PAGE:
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Brady Williams
University of Wisconsin—Madison
Agroecology Program and
Center for Integrated Agricultural Systems
Research Goals
 Tell the story of similar value-added but
industries/businesses in the Midwest.
 Guided by four questions:




WHY was value-added processing pursued?
HOW was this accomplished?
WHAT were/are important obstacles?
WHAT were/are the most important
opportunities/innovations?
 Carried out through newspaper, journal & internet
research as well as interviews with owners,
managers, growers, key personnel.
 Goal isn’t to prescribe or suggest a particular path
for Midwest hazelnuts.
 Putting the cart before the horse?
- Developing a cultivar and boosting production
acreage are indeed important!
- Knowing the story of other similar value-added
industries helps potential growers/investors see
what’s been done in the past. (Especially if growers
wish to own part of the processing enterprise)
- Connect Midwest hazelnut industry to helpful
resources.
Case Studies
 Hammons Products Company (Stockton, MO)
 Missouri Northern Pecan Growers, LLC (Nevada, MO)
 Chestnut Growers Incorporated (Royal Oak, MI)
 Prairie Grover Nut Growers (Wapello, IA)
 Heartland Nuts ‘N More (Valparaiso, NE)
 Ginseng & Herb Cooperative?
 Wisconsin Hops Exchange?
 Midwest Aronia Association?
Missouri Northern
 Lamented having to “take prices” from large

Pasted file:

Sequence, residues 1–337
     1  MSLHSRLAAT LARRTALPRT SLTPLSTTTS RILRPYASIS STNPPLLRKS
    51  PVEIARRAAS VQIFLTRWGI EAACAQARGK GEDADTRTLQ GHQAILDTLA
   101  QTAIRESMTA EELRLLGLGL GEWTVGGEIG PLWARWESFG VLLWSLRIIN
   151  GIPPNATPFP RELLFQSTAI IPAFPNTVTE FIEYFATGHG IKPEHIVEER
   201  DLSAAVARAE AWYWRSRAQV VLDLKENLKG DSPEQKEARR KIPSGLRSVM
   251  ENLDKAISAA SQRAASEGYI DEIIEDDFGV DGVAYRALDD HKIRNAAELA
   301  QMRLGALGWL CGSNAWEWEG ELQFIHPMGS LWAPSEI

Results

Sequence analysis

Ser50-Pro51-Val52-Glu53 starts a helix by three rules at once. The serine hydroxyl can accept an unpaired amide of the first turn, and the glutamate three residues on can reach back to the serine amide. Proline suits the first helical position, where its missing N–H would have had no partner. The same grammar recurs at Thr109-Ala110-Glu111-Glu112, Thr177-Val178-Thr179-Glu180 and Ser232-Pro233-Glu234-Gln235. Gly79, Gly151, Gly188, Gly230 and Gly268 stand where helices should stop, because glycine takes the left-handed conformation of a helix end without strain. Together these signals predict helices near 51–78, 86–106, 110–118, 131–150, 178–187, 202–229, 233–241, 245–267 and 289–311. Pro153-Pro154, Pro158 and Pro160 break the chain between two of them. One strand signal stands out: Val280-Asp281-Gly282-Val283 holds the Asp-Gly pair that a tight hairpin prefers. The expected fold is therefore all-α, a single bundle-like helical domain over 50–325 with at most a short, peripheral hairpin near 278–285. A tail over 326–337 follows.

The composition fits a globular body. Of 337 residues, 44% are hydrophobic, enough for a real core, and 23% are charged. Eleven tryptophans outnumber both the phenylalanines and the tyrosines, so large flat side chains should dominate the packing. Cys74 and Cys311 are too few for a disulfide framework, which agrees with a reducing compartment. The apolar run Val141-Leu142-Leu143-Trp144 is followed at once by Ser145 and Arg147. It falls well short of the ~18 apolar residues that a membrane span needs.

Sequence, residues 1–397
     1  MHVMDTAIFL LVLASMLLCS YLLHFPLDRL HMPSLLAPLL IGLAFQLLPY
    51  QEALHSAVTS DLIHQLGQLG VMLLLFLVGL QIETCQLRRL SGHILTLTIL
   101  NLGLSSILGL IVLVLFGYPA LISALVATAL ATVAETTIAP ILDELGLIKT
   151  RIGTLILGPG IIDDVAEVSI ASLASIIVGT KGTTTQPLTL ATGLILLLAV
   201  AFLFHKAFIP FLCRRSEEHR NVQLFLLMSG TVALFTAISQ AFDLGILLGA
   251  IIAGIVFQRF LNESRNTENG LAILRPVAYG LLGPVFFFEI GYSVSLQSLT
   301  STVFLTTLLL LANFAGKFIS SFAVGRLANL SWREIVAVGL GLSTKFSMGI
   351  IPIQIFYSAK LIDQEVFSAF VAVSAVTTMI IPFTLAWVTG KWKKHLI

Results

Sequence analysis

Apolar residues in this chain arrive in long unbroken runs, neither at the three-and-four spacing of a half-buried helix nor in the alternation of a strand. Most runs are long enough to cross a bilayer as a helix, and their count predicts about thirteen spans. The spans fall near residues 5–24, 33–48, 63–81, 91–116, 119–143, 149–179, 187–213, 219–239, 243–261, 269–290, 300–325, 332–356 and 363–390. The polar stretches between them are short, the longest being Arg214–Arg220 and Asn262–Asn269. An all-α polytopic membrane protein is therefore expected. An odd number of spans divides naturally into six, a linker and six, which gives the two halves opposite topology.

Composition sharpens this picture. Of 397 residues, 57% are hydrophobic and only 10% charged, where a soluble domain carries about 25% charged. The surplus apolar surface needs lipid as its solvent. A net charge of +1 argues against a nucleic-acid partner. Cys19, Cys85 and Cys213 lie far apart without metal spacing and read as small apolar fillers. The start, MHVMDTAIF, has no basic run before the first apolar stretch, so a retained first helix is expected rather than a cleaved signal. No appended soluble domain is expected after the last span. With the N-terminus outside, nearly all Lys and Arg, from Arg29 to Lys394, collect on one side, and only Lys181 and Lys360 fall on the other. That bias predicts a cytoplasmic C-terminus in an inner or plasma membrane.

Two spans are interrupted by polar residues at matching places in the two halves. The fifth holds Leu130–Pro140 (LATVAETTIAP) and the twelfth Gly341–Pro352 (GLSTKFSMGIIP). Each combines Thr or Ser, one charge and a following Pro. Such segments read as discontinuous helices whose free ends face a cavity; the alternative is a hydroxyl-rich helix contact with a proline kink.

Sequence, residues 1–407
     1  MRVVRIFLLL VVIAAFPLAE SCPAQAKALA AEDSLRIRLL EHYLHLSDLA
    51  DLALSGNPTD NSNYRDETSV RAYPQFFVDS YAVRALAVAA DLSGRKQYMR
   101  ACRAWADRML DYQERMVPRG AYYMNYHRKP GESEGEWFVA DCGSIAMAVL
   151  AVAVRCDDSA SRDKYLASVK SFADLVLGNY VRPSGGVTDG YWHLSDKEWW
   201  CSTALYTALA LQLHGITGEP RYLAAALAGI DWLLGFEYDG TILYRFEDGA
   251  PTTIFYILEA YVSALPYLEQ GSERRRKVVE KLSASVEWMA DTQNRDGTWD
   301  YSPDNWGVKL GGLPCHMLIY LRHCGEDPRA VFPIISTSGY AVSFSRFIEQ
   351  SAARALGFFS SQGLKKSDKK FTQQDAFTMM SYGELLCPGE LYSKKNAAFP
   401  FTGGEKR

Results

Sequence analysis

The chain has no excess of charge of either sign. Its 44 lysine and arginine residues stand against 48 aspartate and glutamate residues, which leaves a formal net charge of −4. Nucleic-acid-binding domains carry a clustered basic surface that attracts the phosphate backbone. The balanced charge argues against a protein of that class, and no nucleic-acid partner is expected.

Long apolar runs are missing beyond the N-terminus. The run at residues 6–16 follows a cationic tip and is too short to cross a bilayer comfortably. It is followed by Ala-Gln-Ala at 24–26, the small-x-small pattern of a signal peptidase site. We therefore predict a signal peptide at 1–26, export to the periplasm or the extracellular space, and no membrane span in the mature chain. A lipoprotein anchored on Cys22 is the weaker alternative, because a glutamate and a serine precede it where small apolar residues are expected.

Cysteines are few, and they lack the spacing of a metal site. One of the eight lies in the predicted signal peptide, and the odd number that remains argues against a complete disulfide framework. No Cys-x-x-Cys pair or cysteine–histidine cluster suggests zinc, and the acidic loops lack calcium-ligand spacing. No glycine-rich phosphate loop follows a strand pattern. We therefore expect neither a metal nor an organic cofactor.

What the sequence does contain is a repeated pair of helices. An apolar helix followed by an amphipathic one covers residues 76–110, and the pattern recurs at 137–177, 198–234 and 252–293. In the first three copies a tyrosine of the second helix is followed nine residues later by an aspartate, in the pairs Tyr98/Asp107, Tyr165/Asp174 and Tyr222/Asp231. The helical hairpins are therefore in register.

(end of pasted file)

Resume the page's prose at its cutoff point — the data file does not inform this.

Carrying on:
southern processors after selling what they could
roadside. (No local processing; most growers are
family farmers trying to diversify income)
 Marketing challenge: Northern pecans smaller than
southern varieties.
 BUT: Claim of sweeter taste and higher oil content. Sound
familiar?
 Five growers in Vernon County, MO formed
Missouri Northern Pecan Growers, LLC in 1999.
 Process nuts locally.
 Give Northern pecans a distinct identity.
 Preserve local way of life?
- www.mopecans.com
- Nevada Daily Mail 9/6/04
Missouri Northern
 On average, processes 500,000 lbs of pecans/yr:
 Conventional pecan meats
 Organic pecan meats
 Chocolate-covered pecan products
 Sell direct to consumer and through small
specialty/health food stores.
 Proactive place-based marketing strategy to preserve the
“story” while still reaching wider markets.
 E.g. “Cooler climate, slower growth make these rare pecans
sweeter and better tasting. Delicacy of the Osage Indians.”
- www.mopecans.com
Missouri Northern
1. 2003 organic certification.
- Not perceived as a particularly burdensome
process by managing partners (but a lot of
paperwork)
- 3 years w/o unapproved chemicals (+ record
keeping!)
-
Could potentially establish hazelnuts
conventionally, then switch to organic.
- After organic transition, MNPG grew